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Caliphate An Islamic state led by a supreme religious as well as political leader known as a caliph . Ummah Arabic word meaning ‘nation’ or ‘community.’ A supranational (multinational) community with a common history .
CaliphateAn Islamic state led by a supreme religious as well as political leader known as a caliph.
UmmahArabic word meaning ‘nation’ or ‘community.’ A supranational (multinational) community with a common history.
Sharia The moral code and religious law of Islam. Sometimes considered the infallible law of God.
FiqhIslamic jurisprudence. Deals with the observance of rituals, morals, and social legislation in Islam. It is the human interpretation of the laws.
DhimmīHistorical term referring to non-Muslim citizens of an Islamic state.
ShahadaThe profession of faith by which the Muslim acknowledges his allegiance to God and His prophet.
SalatPrayer – A basic duty performed both individually and publically.
ZakatObligatory Charity – Personal property must be ‘purified’ by payment of one’s dues to the community, for the upkeep of its weaker members.
SawmThe annual fast of Ramadan – All food, drink, and sexual activity are forbidden between dawn and dusk.
HajjPilgrimage required by every able-bodied Muslim. It must be performed at least once in his or her lifetime.
“There is no god but God, Muhammad is the messenger of God.”
لَا إِلٰهَ إِلَّا الله مُحَمَّدٌ رَسُولُ الله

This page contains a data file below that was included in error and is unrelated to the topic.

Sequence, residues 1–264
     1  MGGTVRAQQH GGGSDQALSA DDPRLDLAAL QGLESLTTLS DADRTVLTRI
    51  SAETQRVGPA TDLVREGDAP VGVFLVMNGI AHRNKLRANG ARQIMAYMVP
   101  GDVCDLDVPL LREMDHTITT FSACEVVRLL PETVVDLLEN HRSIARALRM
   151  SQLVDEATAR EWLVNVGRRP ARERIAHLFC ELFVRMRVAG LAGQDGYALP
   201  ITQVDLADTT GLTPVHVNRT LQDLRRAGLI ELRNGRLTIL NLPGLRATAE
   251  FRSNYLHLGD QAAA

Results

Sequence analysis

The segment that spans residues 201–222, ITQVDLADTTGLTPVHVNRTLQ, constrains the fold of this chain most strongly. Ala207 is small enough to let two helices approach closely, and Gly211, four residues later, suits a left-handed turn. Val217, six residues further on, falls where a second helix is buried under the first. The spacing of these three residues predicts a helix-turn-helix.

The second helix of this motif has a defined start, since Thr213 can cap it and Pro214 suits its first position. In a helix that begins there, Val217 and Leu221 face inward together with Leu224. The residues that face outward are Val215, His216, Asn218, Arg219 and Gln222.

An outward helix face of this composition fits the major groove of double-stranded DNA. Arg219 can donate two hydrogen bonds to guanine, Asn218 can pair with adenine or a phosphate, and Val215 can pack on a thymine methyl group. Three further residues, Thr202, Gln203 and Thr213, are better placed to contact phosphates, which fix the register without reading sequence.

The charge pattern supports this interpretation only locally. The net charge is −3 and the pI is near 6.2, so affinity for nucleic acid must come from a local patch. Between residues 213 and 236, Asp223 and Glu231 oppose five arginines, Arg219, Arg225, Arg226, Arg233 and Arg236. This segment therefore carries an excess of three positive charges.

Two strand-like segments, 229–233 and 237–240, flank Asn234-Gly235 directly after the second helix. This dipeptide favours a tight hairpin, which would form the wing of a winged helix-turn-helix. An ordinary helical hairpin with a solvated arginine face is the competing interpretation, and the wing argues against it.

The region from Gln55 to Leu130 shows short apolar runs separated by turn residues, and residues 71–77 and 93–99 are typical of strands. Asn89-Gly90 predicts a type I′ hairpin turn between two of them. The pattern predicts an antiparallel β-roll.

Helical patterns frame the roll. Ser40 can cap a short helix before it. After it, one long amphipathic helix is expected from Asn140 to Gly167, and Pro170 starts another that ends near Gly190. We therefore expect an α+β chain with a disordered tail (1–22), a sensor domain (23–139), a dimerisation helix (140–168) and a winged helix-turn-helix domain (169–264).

Religious & SecularDivisionsSharia Law –Islam developed a system of religious law more or less independently of the political sphere.
Failed Islamic Political VisionThe caliphate failed to realize the Islamic vision of a politically unified ummah extending throughout the known world.
Politics were placed outside of religion’s influence.
Distinct Political and Religious InstitutionsSociety functions more or less independently of the state.
Nature of ReligionReligions are bound to the social, spiritual, and cultural milieux in which they arose and in which they developed.
Muhammad’s MessageQuran 42:13: Muhammad attempted to reform existing religious beliefs and cultural practices of pre-Islamic Arabia so as to bring the God of the Jews and Christians to the Arab peoples.
The Prophet’s SuccessorsIt has often become the responsibility of the Prophet’s successors to fashion the Prophet’s words and deeds into a unified, easily comprehensible religious system.
The Islamic MovementThe origins of the Islamic movement are linked to the multi-ethnic, multi-religious society in which Muhammad grew up.
“He has ordained for you of religion what He enjoined upon Noah and which We have revealed to you…and what We enjoined upon Abraham and Moses and Jesus – to establish the religion and not be divided therein…”
OriginsThe Muslim community was born in Medina (Yathrib). It was here where Muhammad’s Arab social reform transformed into a universal religious ideology.
Death of MuhammadAt the time of Muhammad’s death in 632 C.E., the Middle East was divided between the Byzantine and Sasanian Empires.